The documents – comprising internal emails, confidential memos, secret policy documents, minutes, and financial records leaked from inside the bank by an anonymous whistleblower – today show:

 

  • RBS managers encouraged employees to hunt for ways to boost their bonuses by forcing customers into loan restructuring in order to extract heavy fees as part of a profit drive nicknamed “Project Dash for Cash”.

  • Firms that had never missed a loan payment were pushed into GRG under the bank’s secret policies for reasons that had nothing to do with financial distress, including for telling RBS they wanted to leave the bank, falling out with managers, or threatening to sue over mistreatment.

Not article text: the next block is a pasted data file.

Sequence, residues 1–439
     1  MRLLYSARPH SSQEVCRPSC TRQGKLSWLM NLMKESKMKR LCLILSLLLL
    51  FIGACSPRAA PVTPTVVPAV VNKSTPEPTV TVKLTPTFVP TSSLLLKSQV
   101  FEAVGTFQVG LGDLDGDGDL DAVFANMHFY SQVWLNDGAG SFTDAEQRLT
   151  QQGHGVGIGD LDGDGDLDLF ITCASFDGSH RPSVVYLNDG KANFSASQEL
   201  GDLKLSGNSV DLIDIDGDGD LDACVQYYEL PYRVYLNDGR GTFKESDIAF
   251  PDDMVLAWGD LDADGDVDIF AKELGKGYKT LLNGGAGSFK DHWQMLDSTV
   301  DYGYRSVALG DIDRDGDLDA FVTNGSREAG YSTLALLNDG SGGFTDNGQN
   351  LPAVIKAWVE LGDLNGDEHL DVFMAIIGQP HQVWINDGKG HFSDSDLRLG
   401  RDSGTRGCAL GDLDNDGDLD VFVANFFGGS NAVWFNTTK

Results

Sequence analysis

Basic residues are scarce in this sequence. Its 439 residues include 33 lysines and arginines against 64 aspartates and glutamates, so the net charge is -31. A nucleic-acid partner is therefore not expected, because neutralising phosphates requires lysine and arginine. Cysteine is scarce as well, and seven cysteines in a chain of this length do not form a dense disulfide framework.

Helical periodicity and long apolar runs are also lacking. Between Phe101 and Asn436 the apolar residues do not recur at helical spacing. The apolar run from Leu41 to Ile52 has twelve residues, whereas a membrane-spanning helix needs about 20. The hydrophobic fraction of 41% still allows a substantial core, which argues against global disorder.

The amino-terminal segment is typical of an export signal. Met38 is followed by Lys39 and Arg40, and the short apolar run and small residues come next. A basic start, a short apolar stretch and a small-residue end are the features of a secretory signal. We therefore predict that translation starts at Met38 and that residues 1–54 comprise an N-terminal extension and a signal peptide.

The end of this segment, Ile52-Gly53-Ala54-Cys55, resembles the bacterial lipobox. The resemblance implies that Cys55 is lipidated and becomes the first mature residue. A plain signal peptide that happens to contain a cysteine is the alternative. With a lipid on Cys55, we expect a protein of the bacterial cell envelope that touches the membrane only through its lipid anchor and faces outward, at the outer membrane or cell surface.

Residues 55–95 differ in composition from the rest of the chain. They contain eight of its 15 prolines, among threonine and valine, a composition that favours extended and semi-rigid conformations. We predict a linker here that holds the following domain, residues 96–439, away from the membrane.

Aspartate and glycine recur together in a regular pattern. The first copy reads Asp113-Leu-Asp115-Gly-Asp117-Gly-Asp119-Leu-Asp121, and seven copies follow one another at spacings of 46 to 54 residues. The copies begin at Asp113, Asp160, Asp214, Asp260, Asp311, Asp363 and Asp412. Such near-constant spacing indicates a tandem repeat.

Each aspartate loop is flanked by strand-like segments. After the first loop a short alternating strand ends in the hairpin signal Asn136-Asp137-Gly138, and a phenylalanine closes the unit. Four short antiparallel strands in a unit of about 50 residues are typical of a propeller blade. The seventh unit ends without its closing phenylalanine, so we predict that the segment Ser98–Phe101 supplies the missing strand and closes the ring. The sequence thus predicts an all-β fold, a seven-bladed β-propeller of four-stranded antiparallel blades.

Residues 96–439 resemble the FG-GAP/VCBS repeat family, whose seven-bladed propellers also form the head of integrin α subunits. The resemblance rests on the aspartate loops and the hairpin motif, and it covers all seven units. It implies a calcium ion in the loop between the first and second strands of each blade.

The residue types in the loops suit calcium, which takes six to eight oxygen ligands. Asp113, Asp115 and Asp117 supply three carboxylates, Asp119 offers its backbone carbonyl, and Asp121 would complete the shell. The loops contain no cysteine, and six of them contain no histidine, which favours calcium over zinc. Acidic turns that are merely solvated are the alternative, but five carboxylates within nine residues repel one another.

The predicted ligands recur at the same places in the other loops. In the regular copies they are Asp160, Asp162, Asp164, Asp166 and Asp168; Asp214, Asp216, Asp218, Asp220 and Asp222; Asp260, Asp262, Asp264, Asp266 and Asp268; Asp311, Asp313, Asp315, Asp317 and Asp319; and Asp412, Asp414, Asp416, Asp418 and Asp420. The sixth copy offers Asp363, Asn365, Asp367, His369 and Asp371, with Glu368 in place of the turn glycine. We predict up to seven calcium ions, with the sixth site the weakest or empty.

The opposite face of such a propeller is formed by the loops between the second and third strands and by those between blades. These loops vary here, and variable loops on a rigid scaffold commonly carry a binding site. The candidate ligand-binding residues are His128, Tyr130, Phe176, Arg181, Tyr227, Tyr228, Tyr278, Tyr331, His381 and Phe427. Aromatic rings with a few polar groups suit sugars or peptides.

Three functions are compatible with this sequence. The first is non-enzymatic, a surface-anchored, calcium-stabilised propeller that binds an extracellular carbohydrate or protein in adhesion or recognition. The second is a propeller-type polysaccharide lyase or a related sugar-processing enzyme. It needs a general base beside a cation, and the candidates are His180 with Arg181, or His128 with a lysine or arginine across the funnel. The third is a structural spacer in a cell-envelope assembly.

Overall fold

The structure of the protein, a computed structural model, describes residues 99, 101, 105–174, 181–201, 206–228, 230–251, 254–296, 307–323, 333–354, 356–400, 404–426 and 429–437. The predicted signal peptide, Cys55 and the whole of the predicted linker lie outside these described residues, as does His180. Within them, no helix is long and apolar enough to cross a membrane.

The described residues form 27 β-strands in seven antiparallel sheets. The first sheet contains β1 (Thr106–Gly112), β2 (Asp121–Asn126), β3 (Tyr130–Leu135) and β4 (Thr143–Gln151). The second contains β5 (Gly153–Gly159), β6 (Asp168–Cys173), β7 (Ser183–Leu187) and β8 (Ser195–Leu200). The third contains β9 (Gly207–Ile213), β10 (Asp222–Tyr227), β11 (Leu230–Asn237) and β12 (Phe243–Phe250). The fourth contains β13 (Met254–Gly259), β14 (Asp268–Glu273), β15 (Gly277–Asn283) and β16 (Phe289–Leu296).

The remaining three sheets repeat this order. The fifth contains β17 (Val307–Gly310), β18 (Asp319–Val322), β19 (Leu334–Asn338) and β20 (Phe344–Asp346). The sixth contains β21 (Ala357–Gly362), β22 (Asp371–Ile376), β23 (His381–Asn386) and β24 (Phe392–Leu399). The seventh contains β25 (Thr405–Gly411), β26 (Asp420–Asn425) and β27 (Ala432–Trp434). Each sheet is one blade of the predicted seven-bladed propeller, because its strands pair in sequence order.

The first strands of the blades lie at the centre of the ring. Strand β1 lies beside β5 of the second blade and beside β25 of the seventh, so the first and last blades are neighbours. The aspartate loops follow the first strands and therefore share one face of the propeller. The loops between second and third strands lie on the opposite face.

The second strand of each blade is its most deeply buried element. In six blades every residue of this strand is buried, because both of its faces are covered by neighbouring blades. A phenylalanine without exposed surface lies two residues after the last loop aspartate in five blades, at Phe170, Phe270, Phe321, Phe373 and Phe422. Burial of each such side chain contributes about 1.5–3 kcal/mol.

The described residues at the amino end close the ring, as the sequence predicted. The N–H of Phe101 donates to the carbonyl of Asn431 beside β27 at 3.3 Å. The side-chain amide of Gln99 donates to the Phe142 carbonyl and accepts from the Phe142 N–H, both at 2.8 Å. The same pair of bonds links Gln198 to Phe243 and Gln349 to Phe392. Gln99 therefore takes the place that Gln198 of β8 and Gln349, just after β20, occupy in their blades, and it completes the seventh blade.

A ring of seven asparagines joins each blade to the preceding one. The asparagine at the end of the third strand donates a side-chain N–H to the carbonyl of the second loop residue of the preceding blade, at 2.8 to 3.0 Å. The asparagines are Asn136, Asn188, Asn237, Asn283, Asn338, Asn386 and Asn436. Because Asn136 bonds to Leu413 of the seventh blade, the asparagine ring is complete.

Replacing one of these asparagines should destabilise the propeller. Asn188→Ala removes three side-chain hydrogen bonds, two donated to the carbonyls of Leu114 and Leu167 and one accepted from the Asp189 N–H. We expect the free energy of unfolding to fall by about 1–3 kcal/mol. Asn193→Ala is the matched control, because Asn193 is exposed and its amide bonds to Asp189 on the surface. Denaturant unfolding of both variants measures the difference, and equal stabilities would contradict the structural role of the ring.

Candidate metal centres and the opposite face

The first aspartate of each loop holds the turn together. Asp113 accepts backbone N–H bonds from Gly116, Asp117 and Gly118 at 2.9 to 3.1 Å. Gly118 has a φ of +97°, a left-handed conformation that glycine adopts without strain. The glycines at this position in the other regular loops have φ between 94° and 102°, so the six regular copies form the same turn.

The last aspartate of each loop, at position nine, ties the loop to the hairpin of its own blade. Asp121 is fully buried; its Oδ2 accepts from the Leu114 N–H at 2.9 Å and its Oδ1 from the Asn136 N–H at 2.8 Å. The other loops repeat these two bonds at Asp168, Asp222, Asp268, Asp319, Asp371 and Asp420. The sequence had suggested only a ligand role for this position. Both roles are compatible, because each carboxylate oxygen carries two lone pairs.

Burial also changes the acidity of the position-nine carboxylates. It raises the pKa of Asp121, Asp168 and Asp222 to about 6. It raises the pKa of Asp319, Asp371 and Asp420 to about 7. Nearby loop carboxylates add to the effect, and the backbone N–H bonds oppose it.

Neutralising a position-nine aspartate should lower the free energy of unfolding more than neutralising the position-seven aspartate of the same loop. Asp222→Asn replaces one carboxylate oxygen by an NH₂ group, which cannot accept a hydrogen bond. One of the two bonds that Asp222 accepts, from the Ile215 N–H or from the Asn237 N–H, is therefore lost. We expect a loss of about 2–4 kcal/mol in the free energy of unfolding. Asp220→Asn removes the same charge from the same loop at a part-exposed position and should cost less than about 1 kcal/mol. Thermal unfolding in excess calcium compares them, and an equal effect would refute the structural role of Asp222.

• Once in GRG, firms were hit with crippling fees, fines, and interest rate hikes that could run into seven figures, helping to net the restructuring unit a profit of more than a billion pounds in a single year.

  • Contrary to claims by the bank, there were no Chinese walls between GRG and West Register bosses, who sat together on both the controlling committee that held sway over which businesses were transferred into the restructuring unit and the property acquisition committee that signed off the bank’s bids for their distressed assets. Auditors repeatedly warned about perceived conflicts of interest in GRG.

  • The property division, which amassed assets worth £3.3 billion during the crisis, was passed information that was not available to other bidders when it wanted to acquire properties from businesses in GRG. In contrast to what RBS executives told parliament, properties could be sold to West Register without being advertised on the open market.